Ascending genealogy consists of discovering the ancestors of a person. The work method is simple: we look for a person's parents, then his grand-parents, etc. In Quebec, we generally look for the marriage record which usually lists the complete names of the parents of both spouses; and having found it, keep as source of the information the name of the parish where the marriage was celebrated as well as the date. This applies both to the Catholic parish registers of Quebec before 1900 as well as the rest of North America starting about 1900.
Outside Quebec or for Protestant marriages within Quebec before 1900, marriage records are often incomplete requiring us to search for other documents such as baptism, death or census data. Since the quality of this data varies greatly, it is essential that the researcher be aware of the array of resources available by inquiring from reference librarians as to what documents are available.
Note that the year 1900 is an approximate date. Each state or province has its own method of collating vital statistics data.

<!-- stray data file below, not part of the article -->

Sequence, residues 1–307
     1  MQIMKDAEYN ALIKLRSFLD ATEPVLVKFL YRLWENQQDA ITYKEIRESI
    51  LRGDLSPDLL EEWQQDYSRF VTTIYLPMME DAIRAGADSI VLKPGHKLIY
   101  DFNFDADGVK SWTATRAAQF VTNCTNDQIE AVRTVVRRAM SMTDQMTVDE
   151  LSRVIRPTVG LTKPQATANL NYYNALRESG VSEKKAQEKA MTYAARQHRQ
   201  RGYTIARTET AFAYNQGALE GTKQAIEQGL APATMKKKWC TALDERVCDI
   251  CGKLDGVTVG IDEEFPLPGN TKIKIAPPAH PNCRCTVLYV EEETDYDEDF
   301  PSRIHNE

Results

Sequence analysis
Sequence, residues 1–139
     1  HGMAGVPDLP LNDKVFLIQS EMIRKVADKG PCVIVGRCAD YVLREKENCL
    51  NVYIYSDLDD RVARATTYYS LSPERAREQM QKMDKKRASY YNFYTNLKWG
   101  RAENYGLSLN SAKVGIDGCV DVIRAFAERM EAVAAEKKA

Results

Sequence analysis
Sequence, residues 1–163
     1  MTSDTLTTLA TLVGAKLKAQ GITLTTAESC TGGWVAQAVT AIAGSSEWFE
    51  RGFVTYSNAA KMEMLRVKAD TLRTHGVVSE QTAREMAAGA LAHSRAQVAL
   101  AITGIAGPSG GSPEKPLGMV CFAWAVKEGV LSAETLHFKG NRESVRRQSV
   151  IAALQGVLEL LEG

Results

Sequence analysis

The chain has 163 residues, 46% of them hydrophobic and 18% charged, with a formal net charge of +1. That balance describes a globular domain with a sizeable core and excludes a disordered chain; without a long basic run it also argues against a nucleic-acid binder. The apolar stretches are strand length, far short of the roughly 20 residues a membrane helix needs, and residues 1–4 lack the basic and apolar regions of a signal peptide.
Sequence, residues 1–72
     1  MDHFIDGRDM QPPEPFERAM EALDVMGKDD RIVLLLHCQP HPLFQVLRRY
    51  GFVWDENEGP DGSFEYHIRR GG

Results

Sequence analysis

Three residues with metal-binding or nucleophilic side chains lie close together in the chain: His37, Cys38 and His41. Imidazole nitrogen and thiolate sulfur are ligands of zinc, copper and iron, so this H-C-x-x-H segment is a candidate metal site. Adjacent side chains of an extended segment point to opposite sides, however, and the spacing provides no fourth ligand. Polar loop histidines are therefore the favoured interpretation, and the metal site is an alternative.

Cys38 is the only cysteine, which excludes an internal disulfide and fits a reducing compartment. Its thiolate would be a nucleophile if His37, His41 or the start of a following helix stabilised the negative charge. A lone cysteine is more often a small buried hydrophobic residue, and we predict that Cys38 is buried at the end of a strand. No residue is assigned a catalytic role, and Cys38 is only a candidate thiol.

Family genealogy may also include cousins and relatives. Some researchers do the genealogy of each member of the family ( of all the brothers-in law, the sisters-in-law, aunts and uncles, etc.) and will seek out as many documents as possible on these people ( land deeds, published books, photographs, etc.). Others will simply try to discover and collect all the names of this extended family without attempting to seek other details.
Descending genealogy consists in tracing all the descendants of one person; i.e. his children, grandchildren, etc. Some researchers glean all the printed books available at their local library; while the more enthousiastic will further examine all the original registers in regions where their family name is to be found, as well as the other variations of the name (such as "dit" names) slowly expanding their research to include tens of thousands of people, in addition to the origin of their spouses and in-laws (useful in certain difficult cases and essential to do a thorough job). A few will also include the children of the feminine descendants even though the latter no longer carried the same name.
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Last update: Dec. 19th, 1995